Set in the 1880s, the Cotton Palace Show Boat travels from town to town to perform. When the show’s leading lady Julie LaVerne (Morgan) is told to leave because of a case of miscegenation, or an interracial relationship, Capt. Andy (Winninger) and his wife (Westley) have to find a new leading man and leading lady. Their daughter Magnolia (Dunne) takes the part and a gambler Gaylord Ravenal (Jones) is hired. The two fall in love and are married, against Magnolia’s parent’s wishes. The couple moves to Chicago and lives off of Gaylord’s gambling success, which is short-lived.

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Musical Monday: Ship Ahoy (1942)

It’s no secret that the Hollywood Comet loves musicals.
In 2010, I revealed I had seen 400 movie musicals over the course of eight years. Now that number is over 600. To celebrate and share this musical love, here is my weekly feature about musicals.

This week’s musical:
Ship Ahoy – Musical #204

Studio: Metro-Goldwyn-Mayer

Director:
Edward Buzzell

Starring:
Eleanor Powell, Red Skelton, Bert Lahr, Virginia O’Brien, William Post Jr., Stuart Crawford, John Emery, James Cross, Eddie Hartman, Philip Ahn (uncredited), Moroni Olsen (uncredited), Mary Treen (uncredited), Grant Withers (uncredited), Bobby Larson (uncredited), Addison Richards (uncredited)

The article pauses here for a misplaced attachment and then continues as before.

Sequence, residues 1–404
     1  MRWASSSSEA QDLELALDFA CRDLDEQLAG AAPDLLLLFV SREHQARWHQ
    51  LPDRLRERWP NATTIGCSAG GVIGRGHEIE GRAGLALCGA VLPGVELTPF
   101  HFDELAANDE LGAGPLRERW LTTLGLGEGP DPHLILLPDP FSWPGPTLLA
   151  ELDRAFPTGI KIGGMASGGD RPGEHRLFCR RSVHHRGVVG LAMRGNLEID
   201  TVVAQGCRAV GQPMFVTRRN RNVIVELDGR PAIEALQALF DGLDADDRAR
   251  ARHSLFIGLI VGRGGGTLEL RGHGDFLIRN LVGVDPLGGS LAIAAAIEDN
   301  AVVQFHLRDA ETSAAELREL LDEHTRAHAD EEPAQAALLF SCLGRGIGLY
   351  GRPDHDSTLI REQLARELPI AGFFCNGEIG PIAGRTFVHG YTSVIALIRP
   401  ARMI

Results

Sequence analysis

Himself: Tommy Dorsey, Ziggy Elman, Buddy Rich, Frank Sinatra, Connie Haines, The Pied Pipers,

Plot:
Tommy Dorsey’s (himself) nightclub act, starring dancer Tallulah Winters (Powell), is sent to Puerto Rico to perform. Before boarding the cruise ship that night, Tallulah is approached by men who say they are government agents and ask her to take a powerful magnetic mine to South America. The agents end up being spies and got the idea to approach Tallulah from a comic book story written by Merton Kibble (Skelton), who is also on the cruise ship with his assistant, Skip Owens (Lahr). Skip wanted to take the trip because he is in love with performer Fran (O’Brien), while Merton falls for Tallulah. Allied agents are on the ship as well to try and intercept the mine before it gets in enemy hands.

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Musical Monday: Summer Stock (1950)

It’s no secret that the Hollywood Comet loves musicals.
In 2010, I revealed I had seen 400 movie musicals over the course of eight years. Now that number is over 600. To celebrate and share this musical love, here is my weekly feature about musicals.

This week’s musical:
Summer Stock (1950) – Musical #9

Studio: Metro-Goldwyn-Mayer

Director: Charles Walters

Starring: